GRTC, union stalled on new contract for drivers

Jeremy M. Lazarus | 1/7/2021, 6 p.m.
An unexpected impasse has developed in contract talks between GRTC and its unionized drivers that is creating friction and blocking ...

An unexpected impasse has developed in contract talks between GRTC and its unionized drivers that is creating friction and blocking approval of a new three-year contract to replace the one that expired Sept. 30.

Drivers of buses and Pulse vehicles continue to work under the terms of the old contract, according to Maurice Carter, president and business agent for Local 1220 of the Amalgamated Transit Union.

“We’re still trying to get this settled to avoid any disruption of service,” Mr. Carter said.

The impasse has developed even as CARE Van operators, who are under a separate contract, reached agreement with the GRTC contractor, First Transit Inc., on a new three-year deal, Mr. Carter said.

Key provisions include an increase in pay, with the starting pay going to $14.50 an hour and top pay going to $18 an hour, he said.

For GRTC, the impasse on the contract is happening as the company deals with the impact of COVID-19, including a 30 percent decline in ridership and continuing detection of positive cases among its office staff who do not interact with the public.

The company reported two more cases Monday, bringing the total of those testing positive to 46. Virtually all have re- covered. One bus operator died from the virus last year.

The main sticking point involves con- tract language, Mr. Carter said, not wages and benefits. “We’ve pretty much reached agreement on those items,” he said.

This time, the two sides are divided on retaining language from previous contracts. Those contracts included a line that kept in place operational practices that were not codified but had become accepted.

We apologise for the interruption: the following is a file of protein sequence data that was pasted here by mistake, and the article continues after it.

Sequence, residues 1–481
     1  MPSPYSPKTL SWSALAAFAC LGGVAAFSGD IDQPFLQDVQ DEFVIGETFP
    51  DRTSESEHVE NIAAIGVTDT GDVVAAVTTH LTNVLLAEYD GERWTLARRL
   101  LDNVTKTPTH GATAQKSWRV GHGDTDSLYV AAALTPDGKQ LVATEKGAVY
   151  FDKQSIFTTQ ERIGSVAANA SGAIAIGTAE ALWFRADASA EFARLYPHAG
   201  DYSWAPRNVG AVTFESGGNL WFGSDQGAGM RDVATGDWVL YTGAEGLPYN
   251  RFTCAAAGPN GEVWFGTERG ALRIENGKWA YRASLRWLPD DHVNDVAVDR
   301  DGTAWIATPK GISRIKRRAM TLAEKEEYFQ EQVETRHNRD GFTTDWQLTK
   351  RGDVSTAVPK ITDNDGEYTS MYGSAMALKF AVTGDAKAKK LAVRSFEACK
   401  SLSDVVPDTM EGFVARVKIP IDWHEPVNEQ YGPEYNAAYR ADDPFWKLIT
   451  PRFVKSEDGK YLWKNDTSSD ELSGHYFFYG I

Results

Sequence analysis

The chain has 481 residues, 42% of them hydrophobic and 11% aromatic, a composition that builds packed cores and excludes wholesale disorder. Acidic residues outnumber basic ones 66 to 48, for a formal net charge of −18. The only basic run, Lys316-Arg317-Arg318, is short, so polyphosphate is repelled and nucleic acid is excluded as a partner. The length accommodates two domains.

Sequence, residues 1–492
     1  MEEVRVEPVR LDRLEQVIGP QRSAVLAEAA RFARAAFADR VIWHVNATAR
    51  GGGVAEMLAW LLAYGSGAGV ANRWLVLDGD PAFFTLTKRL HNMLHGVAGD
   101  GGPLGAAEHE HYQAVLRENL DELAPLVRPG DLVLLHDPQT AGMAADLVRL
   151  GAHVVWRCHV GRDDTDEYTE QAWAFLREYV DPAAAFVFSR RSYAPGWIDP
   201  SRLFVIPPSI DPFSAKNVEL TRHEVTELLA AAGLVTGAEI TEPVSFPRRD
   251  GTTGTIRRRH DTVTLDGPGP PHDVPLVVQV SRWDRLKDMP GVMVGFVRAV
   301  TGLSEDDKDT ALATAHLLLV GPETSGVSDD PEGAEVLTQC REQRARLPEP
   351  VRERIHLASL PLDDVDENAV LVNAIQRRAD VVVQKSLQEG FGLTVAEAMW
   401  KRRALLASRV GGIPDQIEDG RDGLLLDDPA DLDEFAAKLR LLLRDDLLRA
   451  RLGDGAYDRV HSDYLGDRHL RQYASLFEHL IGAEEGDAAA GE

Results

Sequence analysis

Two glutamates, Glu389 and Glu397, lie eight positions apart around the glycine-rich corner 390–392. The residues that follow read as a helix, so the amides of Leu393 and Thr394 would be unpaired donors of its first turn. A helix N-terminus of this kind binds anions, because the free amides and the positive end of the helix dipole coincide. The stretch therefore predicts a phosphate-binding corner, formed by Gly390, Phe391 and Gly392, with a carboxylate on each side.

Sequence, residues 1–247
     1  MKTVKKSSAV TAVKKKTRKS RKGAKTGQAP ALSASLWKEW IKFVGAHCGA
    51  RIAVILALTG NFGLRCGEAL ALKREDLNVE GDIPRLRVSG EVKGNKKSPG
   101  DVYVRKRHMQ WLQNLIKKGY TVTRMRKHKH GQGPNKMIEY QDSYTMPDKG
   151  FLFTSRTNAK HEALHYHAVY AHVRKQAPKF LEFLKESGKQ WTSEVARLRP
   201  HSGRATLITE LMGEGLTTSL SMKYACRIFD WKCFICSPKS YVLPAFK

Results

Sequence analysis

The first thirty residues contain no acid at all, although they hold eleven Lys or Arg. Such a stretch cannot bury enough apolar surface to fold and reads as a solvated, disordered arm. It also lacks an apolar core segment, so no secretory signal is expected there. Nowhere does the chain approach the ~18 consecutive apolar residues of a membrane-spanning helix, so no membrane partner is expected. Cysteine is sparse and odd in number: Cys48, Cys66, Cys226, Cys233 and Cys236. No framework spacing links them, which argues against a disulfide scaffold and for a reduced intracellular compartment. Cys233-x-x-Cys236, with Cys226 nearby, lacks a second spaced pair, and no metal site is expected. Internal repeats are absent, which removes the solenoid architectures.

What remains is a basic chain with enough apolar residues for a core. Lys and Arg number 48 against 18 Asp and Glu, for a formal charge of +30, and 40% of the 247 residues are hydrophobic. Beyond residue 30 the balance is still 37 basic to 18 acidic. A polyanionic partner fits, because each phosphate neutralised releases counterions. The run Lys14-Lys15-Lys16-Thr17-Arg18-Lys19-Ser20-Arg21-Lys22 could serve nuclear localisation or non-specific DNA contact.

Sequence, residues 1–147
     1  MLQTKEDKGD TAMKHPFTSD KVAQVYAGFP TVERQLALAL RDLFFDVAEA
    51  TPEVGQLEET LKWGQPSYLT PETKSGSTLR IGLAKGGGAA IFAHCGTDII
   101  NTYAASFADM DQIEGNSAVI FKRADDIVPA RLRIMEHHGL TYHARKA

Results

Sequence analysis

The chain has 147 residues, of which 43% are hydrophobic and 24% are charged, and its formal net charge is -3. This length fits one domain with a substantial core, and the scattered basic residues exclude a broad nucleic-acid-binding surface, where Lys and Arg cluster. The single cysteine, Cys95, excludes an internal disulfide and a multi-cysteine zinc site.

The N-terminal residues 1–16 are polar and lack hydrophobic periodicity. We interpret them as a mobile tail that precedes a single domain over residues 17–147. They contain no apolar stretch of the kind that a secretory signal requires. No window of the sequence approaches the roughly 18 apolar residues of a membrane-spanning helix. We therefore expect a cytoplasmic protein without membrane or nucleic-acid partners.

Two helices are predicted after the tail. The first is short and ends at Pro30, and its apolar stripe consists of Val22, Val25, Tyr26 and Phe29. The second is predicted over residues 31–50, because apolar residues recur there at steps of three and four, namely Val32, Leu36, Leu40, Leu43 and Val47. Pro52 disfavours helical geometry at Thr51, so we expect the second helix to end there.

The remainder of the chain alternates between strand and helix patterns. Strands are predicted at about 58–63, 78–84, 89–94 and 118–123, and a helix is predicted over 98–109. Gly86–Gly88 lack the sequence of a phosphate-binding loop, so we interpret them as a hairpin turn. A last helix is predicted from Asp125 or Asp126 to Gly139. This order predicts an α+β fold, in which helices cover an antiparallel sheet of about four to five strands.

Ms. Timm

Ms. Timm

GRTC Chief Executive Officer Julie Timm has sought to replace that language with new wording that would allow the company to change, alter or abolish such practices, Mr. Carter said.

Ms. Timm told the GRTC board in December that the language maintains the “the long-standing right to set work rules.”

In a report to the board, she stated that GRTC had modified the language to require the company to notify the union of new rules or modifications five days before changes go into force to give the union time “to review and comment.”

“We can’t support that,” Mr. Carter said. He said the union’s position is that it should be able to negotiate all work rule changes with GRTC and should get more than five days to review any new rules or changes.

The local, which has about 400 members, mainly represents more than 370 bus and CARE van drivers, mechanics and cleaners.

The two sides have not met since Nov. 10, but both sides are seeking to set up another meeting later this month in a fresh effort to reach agreement.

Relations between GRTC and the union generally are cordial. However, in 2015, after contract talks stalled, members of the local voted for the first time in decades to authorize a strike, which quickly led to a settlement. So far, Mr. Carter said the local has not scheduled such a vote.